Beneath The Surface Of Healing Wounds

With an average weight of ~12 kg and surface area of ~2m², skin is the largest organ of the body and is made up of three layers: epidermis, dermis, and hypodermis. Epidermis, the outermost layer, is composed of densely packed epithelial cells. Under the epidermis lies the dermis, which mainly contains blood vessels, hair follicles and sweat glands. The third layer, the hypodermis, is composed of loose connective and fatty tissue (Fig. 1). Given its large area and exposure to external elements, the skin is susceptible to injury, ranging from minor bruises to cuts, lacerations, and tears. The skin’s response to insults like these is a process well-known as wound healing, which occurs in three stages: inflammation, proliferation, and tissue remodeling. These stages work together in an overlapping sequential manner to ensure complete wound healing. A failure in any of the normal wound healing stages leads to chronic wounding and aberrant scar formation as seen in burn injuries and scar tissue formations. A delay in wound healing can result in increased infections and permanent tissue damage as seen in patients with diabetes.

Fig.1. Schematic representation of the layers of skin.

During inflammation, there is an influx of immune cells to clear invading microbes and cell debris at the site of injury. This is followed by  the proliferation phase during which there is an increase in the production of epithelial cells  that will migrate to the outer edge of the site of injury to repair the wound and restore it back to its uninjured state.  An essential step in wound healing is the mobilization of stem cells for the formation of new epithelial cells. Skin stem cells are found in the basal layer of the epidermis and in the bulge area of hair follicles. Epidermal stem cells are actively involved in replenishing cells as skin undergoes normal homeostasis as well as during wound repair. Stem cells in the hair follicles, on the other hand have periodic patterns of rest and activity during hair growth. Following injury, however, hair follicular stem cells are also involved in rebuilding the epidermis to seal the open wound.

Interactions between the immune cells during the inflammation stage and stem cells during the proliferation stage of wound healing are important for efficient tissue repair to take place. Cytokines are signaling molecules produced by cells that are required for cell-cell communication to stimulate cell migration towards the site of injury. Molecular and cellular mechanisms to address the role of cytokines in mediating interactions between immune cells and stem cells during wound healing remain unexplained.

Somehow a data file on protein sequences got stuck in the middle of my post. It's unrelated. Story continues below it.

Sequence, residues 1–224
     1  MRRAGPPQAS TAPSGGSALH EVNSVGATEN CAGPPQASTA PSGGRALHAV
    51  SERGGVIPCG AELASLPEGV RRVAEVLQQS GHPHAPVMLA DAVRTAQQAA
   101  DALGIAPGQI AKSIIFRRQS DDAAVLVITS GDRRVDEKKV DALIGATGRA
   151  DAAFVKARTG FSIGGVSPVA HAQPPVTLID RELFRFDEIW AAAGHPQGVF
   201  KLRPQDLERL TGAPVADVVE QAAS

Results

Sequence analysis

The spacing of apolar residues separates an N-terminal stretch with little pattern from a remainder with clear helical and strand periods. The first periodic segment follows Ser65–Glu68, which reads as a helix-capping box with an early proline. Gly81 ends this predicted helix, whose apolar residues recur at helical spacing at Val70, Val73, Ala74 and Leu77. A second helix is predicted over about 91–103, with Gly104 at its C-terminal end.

In a previous study, Pedro Lee and colleagues observed that mice that lacked the interleukin -1 receptor (IL-1R) for IL-1 cytokine had a delayed wound healing response. In the skin, IL-1 is released by damaged keratinocytes (keratin producing cells present in nails, hair and skin). and dysregulation of IL-1 has been associated with a number of skin diseases. Pedro Lee, Rupali Gund and colleagues conducted the current study to understand the mechanism behind delayed wound healing in IL-1R mutant mice. They analyzed the molecular and cellular interactions during wound healing using a genetically engineered mouse model in which the entire skin mimics the biological response of wound healing. This mouse model, which lacks the caspase 8 gene in the epidermis, exhibits a wound healing response even in the absence of injury, thereby providing the researchers with a large number of stem cells participating in a wound healing process. The authors studied the structure of tissues and gene expression patterns in the skin of these mice. The researcher additionally performed assays to analyze proliferation of cells by growing cells in the lab from the genetically engineered model and the mice lacking IL-1R. The researchers found that IL-1 mediates wound healing through activation of stem cell proliferation in two possible ways. The first is by activating dermal fibroblasts that will activate the epidermal stem cell to cover up the open wound (Fig.2.A). The second is the activation of a population of immune cells called gamma delta T(γδT)-cells. These cells in turn activate the resting stem cells found in the hair follicles. These activated stem cells then migrate from the hair follicle towards the site of the injury for wound healing. The researchers also found that IL-1 interacts with another cytokine, IL-7, and together they work to increase the number of active gamma delta T cells in wounded skin and secrete growth factors (Fig.2.B) thereby increasing the population of stem cells promoting wound healing.